- In a medium saucepan, bring salt, sugar, bay leaf, and 12 ounces of purified water to a boil, stirring occasionally to dissolve salt and sugar. Turn off heat and let mixture cool down for 5 minutes, then stir in vinegar.
- Pour pickling liquid over the contents in the jar, and ensure that the turnip and beet slices are submerged completely in the brining liquid. Let it cool, then close the jar and place it in a dark area for 5 to 7 days. (see note 1)
- For best flavor, refrigerate before serving.
- Store in a covered jar or container in the refrigerator for up to one month.
- The quick pickled technique for turnip pickles are normally ready within 4 to 5 days, but taste at day 4 for flavor and texture. Depending on the thickness of the slices, you may need to let them sit for an extra day or two.
- For Lacto-FERMENTED Pickled Turnips, skip the vinegar and use 2 cups of distilled at room temperature water along with remaining ingredients. No cooking involved. Submerge beets and turnips completely in the brining liquid. Close the jar and place it in a dark area for 10-14 days. Taste around day 6 to check progress.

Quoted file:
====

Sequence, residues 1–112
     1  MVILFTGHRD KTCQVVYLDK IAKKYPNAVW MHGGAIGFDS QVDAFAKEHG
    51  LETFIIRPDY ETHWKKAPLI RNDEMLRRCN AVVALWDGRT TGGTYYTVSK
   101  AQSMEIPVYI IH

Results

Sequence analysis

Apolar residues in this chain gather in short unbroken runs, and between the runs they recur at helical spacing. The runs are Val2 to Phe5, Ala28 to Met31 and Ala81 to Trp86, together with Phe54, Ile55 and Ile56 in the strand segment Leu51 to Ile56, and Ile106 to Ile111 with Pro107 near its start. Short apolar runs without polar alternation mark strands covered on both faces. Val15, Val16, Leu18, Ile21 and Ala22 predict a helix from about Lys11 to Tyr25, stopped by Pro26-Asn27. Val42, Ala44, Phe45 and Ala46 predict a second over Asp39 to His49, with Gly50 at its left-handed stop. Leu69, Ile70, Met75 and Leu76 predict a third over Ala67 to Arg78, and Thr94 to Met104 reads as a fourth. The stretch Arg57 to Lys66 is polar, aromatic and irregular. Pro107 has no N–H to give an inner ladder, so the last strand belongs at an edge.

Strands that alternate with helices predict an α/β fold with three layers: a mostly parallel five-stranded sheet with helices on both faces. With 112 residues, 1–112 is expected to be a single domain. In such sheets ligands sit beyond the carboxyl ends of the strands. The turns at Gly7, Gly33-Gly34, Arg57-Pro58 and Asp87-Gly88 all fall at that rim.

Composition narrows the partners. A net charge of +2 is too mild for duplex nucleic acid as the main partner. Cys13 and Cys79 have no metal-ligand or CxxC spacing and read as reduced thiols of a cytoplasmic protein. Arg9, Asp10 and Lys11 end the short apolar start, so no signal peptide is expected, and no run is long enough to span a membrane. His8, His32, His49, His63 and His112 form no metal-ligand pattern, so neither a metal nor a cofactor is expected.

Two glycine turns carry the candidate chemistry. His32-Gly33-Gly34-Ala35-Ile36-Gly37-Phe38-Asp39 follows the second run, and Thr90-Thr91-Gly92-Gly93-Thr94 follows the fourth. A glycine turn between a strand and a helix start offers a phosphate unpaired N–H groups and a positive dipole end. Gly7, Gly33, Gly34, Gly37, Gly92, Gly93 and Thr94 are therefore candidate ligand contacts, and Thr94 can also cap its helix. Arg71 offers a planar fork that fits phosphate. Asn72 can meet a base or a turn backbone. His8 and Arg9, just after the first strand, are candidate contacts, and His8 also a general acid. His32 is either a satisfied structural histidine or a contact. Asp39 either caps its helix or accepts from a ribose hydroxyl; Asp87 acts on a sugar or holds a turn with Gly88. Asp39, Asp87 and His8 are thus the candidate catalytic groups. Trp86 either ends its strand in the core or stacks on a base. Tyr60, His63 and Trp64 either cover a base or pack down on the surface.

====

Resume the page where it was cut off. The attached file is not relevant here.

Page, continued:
- The garlic flavor really shines, and if you use jalapeno, you will definitely taste the kick of spicy heat.
- Prep Time: 20 minutes
- Cook Time: 10 minutes
- Category: Snacks
- Cuisine: American
- Serving Size:
- Calories: 20
- Sugar: 2.5 g
- Sodium: 1200.3 mg
- Fat: 0.1 g
- Saturated Fat: 0 g
- Carbohydrates: 4 g
- Fiber: 0.9 g
- Protein: 0.5 g
- Cholesterol: 0 mg
Keywords: turnip pickles, pickled turnips, pink pickles, anti-inflammatory snacks, vegan, paleo, whole30, gluten free, grain free
Alright my friends, have a wonderful holiday weekend! May it be pretty in pink (and green & red)! 🎄
This looks great. I have never fermented veggies, so my question is regarding closing the jar. Should it be closed tight, or should there be some way for the gas build up to escape. For example, if using a mason jar, should the ring be tightened completely, or should it have room for the lid to move? Thanks in advance!